Linda McCartney: Life in Photographs

Taschen, $69.99 ISBN 978-3-8365-2728-6

Although probably best-known as the less irritating half of Paul and Linda McCartney, the late Linda McCartney - neĆ© Eastman - was well-known in her own right long before she married Paul. When they met, Paul was at the height of his fame in The Beatles and Eastman was making a name for herself as a photographer, moving about within the closely-knit music scene of the late 1960s. 

I am ashamed to say that until I flicked through and subsequently bought this book, I didn't have a particularly high opinion of Linda McCartney's photography. Of her work, I had only seen a handful of unexciting, slightly wooden-looking live and promotional shots from the late 1960s. You can see them in the early pages of 'Life in Photographs' - there's Jimi Hendrix, face hidden under the shadow of his hat, and slightly out of focus. Jim Morrisson of The Doors, eyes closed and hopelessly out of focus, Pete Townsend - little more than a colorful blur - and a messy, rushed-looking group shot of a clearly chemically-uncompliant Grateful Dead. Before I came across this book (or if I had stopped flicking sooner rather than later) I would have arrogantly lumped Linda McCartney in with countless other photographers who have floated around the music scene over the decades and owe their success largely to their proximity to fame. Just another pretty girl with an SLR, the type that crowds press pits and backstage dressing rooms everywhere. More fool me. 

If I hadn't found 'Life in Photographs', I would never have known about Linda McCartney's best work. Portraiture was without a doubt her strength (her 1969 portrait of model Twiggy is almost voyeuristic in its intimacy, and Frank Zappa is disturbingly piercing in his 1968 sitting) but with the inevitable exception of her husband, her best images are refreshingly celebrity-free. Ignore the 70s schmaltz of sequinned bandleader Paul, gazing self-indulgently into a dressing-room mirror, at the heart of this collection are the many domestic studies of their children. McCartney's family are captured with an extraordinary tenderness, but few images in this collection veer into sentimentality. At her best, McCartney marries an unusually acute sense of composition with an intuitive feel for lighting. Amongst her finest - and earliest - family portraits shows her husband and their young daughter Mary. Paul holds Mary close to his chest, swaddling her in his sheepskin jacket. It is evening, and father and daughter are bathed in the warmth of the final rays of the sun. Combining the intimacy of a snapshot with the dispassionate, technical eye of a master photographer this image, which graced the rear cover of Paul McCartney's otherwise unremarkable 1970 album 'McCartney', is amongst her best work.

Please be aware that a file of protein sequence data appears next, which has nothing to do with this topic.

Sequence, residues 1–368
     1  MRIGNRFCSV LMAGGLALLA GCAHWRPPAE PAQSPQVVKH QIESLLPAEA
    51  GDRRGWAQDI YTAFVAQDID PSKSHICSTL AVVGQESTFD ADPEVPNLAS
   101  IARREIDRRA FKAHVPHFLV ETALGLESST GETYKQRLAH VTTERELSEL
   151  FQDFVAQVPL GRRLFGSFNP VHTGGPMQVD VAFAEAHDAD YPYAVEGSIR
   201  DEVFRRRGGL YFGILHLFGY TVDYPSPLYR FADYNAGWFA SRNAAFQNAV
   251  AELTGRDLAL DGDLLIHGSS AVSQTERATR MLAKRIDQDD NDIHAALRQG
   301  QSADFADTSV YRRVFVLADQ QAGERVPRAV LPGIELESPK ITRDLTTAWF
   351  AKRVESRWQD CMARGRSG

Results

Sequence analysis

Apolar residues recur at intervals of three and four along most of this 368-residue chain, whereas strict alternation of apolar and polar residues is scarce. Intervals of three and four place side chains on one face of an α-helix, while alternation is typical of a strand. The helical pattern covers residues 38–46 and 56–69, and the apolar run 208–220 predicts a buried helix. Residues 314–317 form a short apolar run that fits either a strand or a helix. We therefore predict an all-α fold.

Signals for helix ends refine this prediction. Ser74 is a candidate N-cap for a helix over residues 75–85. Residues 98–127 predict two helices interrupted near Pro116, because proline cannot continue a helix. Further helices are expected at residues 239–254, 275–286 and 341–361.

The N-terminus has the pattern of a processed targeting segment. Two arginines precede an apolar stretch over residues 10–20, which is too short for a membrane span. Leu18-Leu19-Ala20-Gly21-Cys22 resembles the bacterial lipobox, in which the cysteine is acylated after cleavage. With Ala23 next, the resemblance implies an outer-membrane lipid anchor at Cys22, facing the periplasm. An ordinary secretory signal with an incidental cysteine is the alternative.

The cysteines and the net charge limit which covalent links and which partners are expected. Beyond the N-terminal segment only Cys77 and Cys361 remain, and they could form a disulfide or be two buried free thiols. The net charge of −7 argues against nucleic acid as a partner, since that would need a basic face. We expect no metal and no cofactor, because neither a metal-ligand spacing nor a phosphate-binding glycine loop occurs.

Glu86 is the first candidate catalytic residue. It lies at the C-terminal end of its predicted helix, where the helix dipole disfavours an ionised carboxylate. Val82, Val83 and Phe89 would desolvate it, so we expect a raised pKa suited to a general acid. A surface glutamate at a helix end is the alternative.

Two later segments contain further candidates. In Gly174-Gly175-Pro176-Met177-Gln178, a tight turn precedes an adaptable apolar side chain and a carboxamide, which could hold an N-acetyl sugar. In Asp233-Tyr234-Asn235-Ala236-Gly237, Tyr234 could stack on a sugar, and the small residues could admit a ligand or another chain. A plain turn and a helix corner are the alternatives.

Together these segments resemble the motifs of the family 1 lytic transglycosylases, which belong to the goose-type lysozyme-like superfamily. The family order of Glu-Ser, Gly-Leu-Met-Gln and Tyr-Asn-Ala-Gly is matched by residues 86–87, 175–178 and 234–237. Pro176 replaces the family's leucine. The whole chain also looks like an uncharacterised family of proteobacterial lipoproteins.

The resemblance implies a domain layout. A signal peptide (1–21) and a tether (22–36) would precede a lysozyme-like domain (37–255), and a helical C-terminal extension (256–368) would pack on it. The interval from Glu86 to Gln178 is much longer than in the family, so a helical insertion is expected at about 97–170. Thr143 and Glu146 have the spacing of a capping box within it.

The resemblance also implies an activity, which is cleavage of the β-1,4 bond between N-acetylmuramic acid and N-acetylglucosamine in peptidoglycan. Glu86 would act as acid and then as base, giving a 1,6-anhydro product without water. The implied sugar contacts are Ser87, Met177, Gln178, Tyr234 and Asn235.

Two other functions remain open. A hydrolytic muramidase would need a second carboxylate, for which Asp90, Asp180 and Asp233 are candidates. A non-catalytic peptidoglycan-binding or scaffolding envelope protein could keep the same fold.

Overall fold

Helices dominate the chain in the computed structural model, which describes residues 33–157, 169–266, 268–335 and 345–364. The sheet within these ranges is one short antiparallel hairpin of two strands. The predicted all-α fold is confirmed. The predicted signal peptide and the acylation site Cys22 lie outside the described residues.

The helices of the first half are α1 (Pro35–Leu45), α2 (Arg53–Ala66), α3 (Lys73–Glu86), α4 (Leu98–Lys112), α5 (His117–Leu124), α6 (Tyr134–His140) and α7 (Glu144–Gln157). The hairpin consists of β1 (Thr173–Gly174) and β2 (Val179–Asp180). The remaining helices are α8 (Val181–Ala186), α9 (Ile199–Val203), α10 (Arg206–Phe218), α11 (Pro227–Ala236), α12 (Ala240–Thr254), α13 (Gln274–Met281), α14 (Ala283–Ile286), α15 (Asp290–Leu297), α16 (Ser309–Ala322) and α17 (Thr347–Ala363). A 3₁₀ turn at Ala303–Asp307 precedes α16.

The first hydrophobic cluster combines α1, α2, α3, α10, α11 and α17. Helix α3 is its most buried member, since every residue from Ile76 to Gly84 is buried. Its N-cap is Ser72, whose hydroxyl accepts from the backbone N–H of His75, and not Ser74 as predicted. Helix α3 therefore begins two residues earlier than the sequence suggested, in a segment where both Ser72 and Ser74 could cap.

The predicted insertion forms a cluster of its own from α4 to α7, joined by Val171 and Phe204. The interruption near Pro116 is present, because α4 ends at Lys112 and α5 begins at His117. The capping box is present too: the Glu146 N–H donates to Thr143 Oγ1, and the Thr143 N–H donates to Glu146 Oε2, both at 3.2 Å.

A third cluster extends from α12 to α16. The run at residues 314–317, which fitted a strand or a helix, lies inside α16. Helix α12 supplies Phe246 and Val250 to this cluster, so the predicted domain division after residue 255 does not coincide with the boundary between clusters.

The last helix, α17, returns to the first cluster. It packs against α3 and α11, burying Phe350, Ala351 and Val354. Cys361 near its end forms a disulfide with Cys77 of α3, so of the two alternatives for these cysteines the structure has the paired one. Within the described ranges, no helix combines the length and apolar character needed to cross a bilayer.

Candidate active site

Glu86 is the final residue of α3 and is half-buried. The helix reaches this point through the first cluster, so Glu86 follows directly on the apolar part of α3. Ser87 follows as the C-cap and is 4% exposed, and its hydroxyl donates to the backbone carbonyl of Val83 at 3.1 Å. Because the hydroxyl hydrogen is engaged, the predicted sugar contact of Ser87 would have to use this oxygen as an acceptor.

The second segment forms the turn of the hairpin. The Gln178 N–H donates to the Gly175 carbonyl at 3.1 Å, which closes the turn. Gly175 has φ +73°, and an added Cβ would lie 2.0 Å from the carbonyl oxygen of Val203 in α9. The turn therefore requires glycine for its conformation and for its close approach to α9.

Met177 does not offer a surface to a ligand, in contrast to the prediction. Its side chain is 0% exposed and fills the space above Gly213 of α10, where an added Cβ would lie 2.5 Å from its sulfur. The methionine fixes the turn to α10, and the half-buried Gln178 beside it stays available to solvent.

This father-daughter portrait is far from the only example of Linda McCartney's talent in 'Life in Photographs'. A large, heavy book richly printed in both color and monochrome, this collection is as much a touching document of a growing family as it is a career retrospective. It is clear that as a photographer, McCartney was most comfortable with the familiar. Her children, her husband, their home. But out of such quotidian surroundings she conjured some of the most emotionally and technically satisfying portraits that I have ever seen. At its best, her work reveals an extraordinary delicacy, undeniable technical mastery, and a restless eye for the peculiar in the midst of the parochial. 


Barnaby Britton is Reviews Editor of dpreview.com and a part-time music photographer. You can see a selection of his after-hours work at www.photoinsensitive.com.